The Case against Afghanistan Withdrawal Is Weak

Even in these divisive times, political leaders in Washington are beginning to converge on at least one issue: it’s time to end the longest war in American history and withdraw U.S. forces from Afghanistan. President Trump said in the Oval Office last month that “it’s ridiculous” that we’re still there after almost two decades of stalemate and he reportedly wants to pull out by the 2020 election. His challengers on the Democratic side seem to agree.

Although in 2017 Trump authorized a small surge of troops and left the military strategy essentially unchanged, his special envoy for Afghanistan Reconciliation, Zalmay Khalilzad, has made significant progress in direct negotiations with the Taliban. Daunting obstacles remain, but a political settlement that could include a U.S. withdrawal is at least within reach.

This has advocates of the “forever war” unsettled. Gen. David Petraeus, who once commanded forces in Afghanistan, published an op-ed in The Wall Street Journal, with the Center for a New American Security’s Vance Serchuk, arguing that “under no circumstances should the Trump administration repeat the mistake its predecessor made in Iraq and agree to a total withdrawal of combat forces from Afghanistan.” Notwithstanding the Taliban’s stated promise not to host al Qaeda or other foreign terrorist groups, Petraeus and Serchuk insist that “common sense dictates the U.S. must retain its own means to pressure extremist networks plotting against the American homeland and U.S. allies.”

In making their case for indefinitely extending America’s 18-year quagmire in Afghanistan, they commit three analytical errors. The first is to fault Obama’s withdrawal from Iraq for the rise of ISIS.  The second is to assume that a withdrawal from Afghanistan will, as in Iraq, result in the emergence of a rapacious terrorist army prone to spectacular atrocities and harboring vast territorial ambitions. Their third mistake is buying into the safe haven myth – that is, the claim that the presence of terrorists in Afghanistan represents a major security threat to the United States. In a new Cato Policy Analysis, my colleague John Mueller and I address all of these (and more).

First, the U.S. withdrawal from Iraq didn’t trigger the rise of ISIS; the invasion of Iraq did. As we point out in the paper, ISIS is an outgrowth of al Qaeda in Iraq (AQI), which emerged from the Sunni insurgency that rose up to fight occupying U.S. forces. Its leadership consisted of veteran AQI insurgents and former Baathists in the Saddam Hussein regime. It never could have filled the vacuum left by the United States’ withdrawal without the initial spark provided by the invasion. In any case, the Obama administration merely complied with the Status of Forces Agreement signed by the Bush administration in 2008, which permitted U.S. forces to stay until the end of 2011. Baghdad refused to grant U.S. forces legal immunity beyond that date. Even if the White House had pressured Iraq more, the small contingent of U.S. counter-terrorism forces it was considering leaving behind would never have been enough to prevent the rise of ISIS.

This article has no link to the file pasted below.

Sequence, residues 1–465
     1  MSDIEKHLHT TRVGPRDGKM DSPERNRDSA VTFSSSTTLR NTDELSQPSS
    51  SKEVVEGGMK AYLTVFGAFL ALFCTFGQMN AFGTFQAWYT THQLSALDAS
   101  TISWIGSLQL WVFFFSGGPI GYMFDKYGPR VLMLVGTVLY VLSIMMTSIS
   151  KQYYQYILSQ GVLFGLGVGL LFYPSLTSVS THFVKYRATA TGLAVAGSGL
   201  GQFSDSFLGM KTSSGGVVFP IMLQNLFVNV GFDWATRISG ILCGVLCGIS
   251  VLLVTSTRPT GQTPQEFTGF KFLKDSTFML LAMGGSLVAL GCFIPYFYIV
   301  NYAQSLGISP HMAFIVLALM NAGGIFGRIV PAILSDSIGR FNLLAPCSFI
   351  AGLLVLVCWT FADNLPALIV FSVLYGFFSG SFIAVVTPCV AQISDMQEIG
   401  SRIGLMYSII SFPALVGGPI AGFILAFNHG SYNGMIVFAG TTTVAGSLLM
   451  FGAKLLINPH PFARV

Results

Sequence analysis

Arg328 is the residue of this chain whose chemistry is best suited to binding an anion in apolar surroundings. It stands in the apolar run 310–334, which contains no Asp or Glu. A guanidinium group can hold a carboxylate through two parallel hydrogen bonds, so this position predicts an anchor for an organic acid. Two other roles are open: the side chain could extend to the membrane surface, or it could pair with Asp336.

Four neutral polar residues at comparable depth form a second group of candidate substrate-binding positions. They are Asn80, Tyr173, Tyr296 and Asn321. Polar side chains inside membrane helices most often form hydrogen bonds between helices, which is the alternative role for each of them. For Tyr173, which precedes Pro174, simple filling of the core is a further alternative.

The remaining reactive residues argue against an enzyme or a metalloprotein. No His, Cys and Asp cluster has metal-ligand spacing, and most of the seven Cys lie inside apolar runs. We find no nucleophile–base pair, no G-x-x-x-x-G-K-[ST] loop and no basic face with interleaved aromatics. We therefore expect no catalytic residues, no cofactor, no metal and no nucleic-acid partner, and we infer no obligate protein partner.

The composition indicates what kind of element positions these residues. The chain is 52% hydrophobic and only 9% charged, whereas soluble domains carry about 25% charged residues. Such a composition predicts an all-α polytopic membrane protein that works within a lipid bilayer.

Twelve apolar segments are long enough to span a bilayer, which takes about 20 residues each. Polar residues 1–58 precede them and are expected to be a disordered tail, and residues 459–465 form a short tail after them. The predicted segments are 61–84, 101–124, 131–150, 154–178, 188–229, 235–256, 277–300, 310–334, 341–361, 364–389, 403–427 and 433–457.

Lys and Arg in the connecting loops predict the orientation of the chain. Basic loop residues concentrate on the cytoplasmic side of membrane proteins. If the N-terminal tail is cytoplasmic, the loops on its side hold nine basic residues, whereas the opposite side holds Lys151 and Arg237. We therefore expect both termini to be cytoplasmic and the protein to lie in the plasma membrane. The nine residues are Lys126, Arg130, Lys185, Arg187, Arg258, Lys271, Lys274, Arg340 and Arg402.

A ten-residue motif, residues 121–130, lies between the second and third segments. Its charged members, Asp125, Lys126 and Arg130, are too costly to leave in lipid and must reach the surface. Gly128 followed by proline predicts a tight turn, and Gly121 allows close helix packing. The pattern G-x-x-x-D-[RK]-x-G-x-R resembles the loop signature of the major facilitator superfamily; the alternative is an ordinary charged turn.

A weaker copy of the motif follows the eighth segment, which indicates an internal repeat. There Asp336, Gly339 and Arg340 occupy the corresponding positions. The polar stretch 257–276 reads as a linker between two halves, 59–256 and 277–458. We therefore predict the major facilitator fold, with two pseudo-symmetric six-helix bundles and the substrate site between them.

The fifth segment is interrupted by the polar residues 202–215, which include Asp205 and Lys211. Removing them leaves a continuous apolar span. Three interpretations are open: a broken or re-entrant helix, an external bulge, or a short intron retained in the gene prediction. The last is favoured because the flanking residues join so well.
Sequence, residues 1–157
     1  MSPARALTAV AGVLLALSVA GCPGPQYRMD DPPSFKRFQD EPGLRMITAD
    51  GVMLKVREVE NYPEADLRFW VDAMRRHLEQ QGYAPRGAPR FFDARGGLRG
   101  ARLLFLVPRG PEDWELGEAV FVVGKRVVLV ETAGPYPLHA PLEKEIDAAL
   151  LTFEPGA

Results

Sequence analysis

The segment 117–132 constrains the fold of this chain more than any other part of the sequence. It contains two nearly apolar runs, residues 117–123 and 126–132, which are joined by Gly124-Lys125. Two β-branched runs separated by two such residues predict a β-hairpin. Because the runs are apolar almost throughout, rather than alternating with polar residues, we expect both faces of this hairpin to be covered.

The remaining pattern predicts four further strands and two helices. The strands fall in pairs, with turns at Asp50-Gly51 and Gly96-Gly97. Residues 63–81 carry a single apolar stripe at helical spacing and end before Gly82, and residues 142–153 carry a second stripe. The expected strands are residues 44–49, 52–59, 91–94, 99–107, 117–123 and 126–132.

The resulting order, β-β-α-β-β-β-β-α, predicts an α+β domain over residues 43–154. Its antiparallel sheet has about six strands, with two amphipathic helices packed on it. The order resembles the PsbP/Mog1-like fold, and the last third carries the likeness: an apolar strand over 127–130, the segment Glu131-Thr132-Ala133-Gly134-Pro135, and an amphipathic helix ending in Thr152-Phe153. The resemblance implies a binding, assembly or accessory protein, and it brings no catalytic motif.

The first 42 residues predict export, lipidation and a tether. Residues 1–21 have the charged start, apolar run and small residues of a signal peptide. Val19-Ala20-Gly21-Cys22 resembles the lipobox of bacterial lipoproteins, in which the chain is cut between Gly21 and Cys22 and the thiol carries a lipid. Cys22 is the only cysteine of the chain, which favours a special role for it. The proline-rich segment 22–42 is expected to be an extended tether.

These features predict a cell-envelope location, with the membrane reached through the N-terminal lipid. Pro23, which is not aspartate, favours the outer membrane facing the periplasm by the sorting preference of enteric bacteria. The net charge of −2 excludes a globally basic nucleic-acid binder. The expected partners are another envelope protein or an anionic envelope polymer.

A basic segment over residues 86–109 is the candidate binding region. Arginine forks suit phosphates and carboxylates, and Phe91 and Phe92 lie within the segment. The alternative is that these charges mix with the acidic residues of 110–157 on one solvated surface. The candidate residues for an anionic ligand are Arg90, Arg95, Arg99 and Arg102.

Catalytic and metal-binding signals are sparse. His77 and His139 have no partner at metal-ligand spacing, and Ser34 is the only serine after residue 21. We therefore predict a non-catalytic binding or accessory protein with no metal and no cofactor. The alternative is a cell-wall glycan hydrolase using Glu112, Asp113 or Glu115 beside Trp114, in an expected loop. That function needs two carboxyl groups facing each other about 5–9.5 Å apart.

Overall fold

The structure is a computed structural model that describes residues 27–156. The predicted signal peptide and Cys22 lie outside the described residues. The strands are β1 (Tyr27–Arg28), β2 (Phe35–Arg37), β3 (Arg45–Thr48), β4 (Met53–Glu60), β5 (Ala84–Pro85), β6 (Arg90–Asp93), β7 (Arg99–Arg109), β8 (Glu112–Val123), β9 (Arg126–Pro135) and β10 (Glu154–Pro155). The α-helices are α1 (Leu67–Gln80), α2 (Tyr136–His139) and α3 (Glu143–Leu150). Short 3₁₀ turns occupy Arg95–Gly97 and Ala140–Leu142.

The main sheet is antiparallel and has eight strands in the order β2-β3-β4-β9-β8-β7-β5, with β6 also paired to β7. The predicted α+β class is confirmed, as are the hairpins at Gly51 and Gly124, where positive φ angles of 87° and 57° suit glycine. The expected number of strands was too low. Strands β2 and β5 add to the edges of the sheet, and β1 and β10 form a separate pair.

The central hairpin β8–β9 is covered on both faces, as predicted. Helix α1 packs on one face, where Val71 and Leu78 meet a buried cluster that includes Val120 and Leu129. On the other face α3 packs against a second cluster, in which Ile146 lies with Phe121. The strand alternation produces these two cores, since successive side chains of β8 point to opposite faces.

Second, Petraeus and Serchuk fall into a cognitive bias that political scientists call “failure salience.” According to Dominic D. P. Johnson and Dominic Tierney, failure salience refers to the “tendency to remember and learn more from perceived negative outcomes than from perceived positive outcomes.” Negative experiences have a profound impact on the psyche. Citing the rise of ISIS may be a psychologically potent way to scare policymakers away from ending the war in Afghanistan, but it is an argument based on a misunderstanding of a separate case with entirely different actors, dynamics, and context.

Third, the safe haven argument is based on the ill-founded assumption that the presence of al-Qaeda leaders in Taliban-controlled Afghanistan in the lead up to 9/11 was essential for the success of the attacks. In fact, it seems to have had little, if any, operational utility (beyond luring the United States into the graveyard of empires). Al-Qaeda operatives planned and coordinated the 9/11 attacks not just in Afghanistan, but in Germany, Malaysia, and inside the United States. Technological innovation and increasingly widespread access to the Internet has only made instant communication across borders, oceans, and time-zones easier in the ensuing years. A territorial haven in remote, land-locked Afghanistan isn’t much help to jihadists plotting to attack the west. In short, “fighting them over there so we don’t have to fight them over here” is a clever slogan, but it isn’t based on the facts.

Anyone predicting Afghanistan will be all hunky dory after a U.S. withdrawal isn’t properly assessing the risks inherent in a society that has endured 40 years of war and whose leadership is still bitterly (and violently) contested. But the question for Americans is whether we are really made safer by stubbornly clinging to the same failed strategy in Afghanistan. We aren’t.

For further scrutiny of these and related questions about the war in Afghanistan, check out our new Policy Analysis here.